2014 Water Bond Update
Fifteen years ago, when 20 Sierra-based organizations — including Sierra Business Council — started working to create a Sierra Nevada Conservancy, the primary reason was that our region, the source of 60% of California’s developed water supply, received only about two percent of resource bond funding.
Ten years after the signing of the Conservancy bill, we have a state agency, but the promise of increasing funding for upper watershed management, forest management, land conservation, and restoration activities has only been partially successful.
Water is in the forefront of everyone’s mind today, with competing California drought bills in the US Senate and House of Representatives, the clear link between forest management and water supply highlighted by the recent Rim Fire, and numerous competing state water bonds vying for a spot on California’s November general election ballot.
The Senate’s Natural Resources and Water Committee voted 6-0 last Tuesday to approve SB 848, a $6.895 billion water bond by Senator Lois Wolk (D-Davis) to begin immediately meeting urgent water needs throughout California.
Senate Bill 848, also known as “The Safe Drinking Water, Water Quality & Water Supply Act,” is the first of the competing water bond bills to be heard and passed by committee. It would replace the $11.14 billion water bond currently slated for the November 2014 state ballot.
Sierra Business Council was proud to support this legislation, but with certain caveats. Many of those caveats have not yet been met.
SB 848 provides funding for a wide range of projects that will address statewide water needs, including water supply reliability throughout the state, water treatment for communities without safe drinking water, groundwater clean up and conservation measures. We are happy to support these measures because they are necessary.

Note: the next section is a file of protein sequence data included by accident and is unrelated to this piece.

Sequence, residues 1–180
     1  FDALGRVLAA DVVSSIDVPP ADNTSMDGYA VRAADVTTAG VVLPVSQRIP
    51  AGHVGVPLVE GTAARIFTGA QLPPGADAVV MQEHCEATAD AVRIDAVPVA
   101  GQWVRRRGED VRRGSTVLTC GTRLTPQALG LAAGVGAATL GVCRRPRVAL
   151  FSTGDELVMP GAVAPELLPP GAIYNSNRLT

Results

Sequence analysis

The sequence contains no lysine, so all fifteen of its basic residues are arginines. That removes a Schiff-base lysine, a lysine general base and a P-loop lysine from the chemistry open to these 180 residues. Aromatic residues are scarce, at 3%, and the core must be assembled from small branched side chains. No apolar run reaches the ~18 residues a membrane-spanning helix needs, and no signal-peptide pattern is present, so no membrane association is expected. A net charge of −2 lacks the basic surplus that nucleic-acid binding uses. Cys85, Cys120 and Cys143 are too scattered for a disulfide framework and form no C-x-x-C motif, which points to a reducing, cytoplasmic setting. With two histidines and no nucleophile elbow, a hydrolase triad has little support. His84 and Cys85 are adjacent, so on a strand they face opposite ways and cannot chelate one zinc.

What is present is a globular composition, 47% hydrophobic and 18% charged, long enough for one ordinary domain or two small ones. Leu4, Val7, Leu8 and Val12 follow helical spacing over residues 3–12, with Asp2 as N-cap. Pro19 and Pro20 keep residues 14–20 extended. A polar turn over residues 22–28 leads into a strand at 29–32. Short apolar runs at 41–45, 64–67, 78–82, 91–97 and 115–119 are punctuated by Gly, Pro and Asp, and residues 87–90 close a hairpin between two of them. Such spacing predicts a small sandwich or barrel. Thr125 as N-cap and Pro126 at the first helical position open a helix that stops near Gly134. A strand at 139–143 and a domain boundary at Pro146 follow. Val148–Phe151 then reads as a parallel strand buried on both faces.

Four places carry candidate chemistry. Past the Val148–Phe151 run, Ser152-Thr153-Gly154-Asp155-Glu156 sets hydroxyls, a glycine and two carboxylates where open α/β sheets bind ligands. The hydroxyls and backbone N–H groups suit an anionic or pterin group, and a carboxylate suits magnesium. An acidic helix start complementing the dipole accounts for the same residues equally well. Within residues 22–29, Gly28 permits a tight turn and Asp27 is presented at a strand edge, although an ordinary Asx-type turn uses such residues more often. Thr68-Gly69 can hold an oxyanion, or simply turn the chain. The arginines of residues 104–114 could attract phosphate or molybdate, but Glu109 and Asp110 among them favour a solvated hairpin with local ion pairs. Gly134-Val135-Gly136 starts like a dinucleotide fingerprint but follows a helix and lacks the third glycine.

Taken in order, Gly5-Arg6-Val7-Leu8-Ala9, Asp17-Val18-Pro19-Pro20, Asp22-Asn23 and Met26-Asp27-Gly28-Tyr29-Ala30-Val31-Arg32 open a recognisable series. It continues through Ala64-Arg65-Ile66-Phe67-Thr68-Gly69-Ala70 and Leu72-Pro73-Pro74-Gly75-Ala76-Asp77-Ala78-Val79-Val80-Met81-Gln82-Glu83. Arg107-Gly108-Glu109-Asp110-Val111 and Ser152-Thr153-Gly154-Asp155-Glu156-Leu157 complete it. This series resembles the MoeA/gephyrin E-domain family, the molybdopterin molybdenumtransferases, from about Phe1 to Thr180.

But SB 848 fails to meet the core needs of the Sierra Nevada region, the source of much of the state’s developed water supply. Funding for the Sierra Nevada Conservancy, for example, is only $65 million, which is woefully inadequate. This amount still represents less than one percent of the overall bond investment for an area that provides 60% of the water.
Sierra Business Council has proposed a broader range of funding to support important watershed protection and enhancement work for the region, including $125 million for the Sierra Nevada Conservancy; a $500 million upper watershed and forest management fund that could be used across the state to begin addressing the link between managing forests and securing water supplies, $100 million for getting mercury out of our water and food chain, and a $44 million fund for a “Mountain Counties” overlay that could be used for water infrastructure planning and development in the region.
We know that this level of investment is tough medicine in a state recovering from a historic recession pressed with many needs. The reality, though, is that water in California is a whole system: from the upper watersheds and forests that capture and store the vast majority of our water supply in snowpack, to our reservoirs, canals, and pumps that move water to where it is needed (whether to your home or business or the growers who supply much of your food) and through the system to groundwater, recycling or for environmental purposes.
Investing in one part of the system without stewarding the most import part, the upper watershed and forest source areas, is short-sighted and, in the long run, economically inefficient.
Sierra Business Council will continue to press our case in Sacramento, and attempt to get the many interests concerned about water supply and quality to see the big picture. We see that as a critical role Sierra Business Council can play, and we will increasingly be reaching out for the help of our network members to rationally and calmly make the case for increased investment in the Sierra Nevada.
For more information about our Sierra Water Initiative please contact Ms. Kerri Timmer at email@example.com.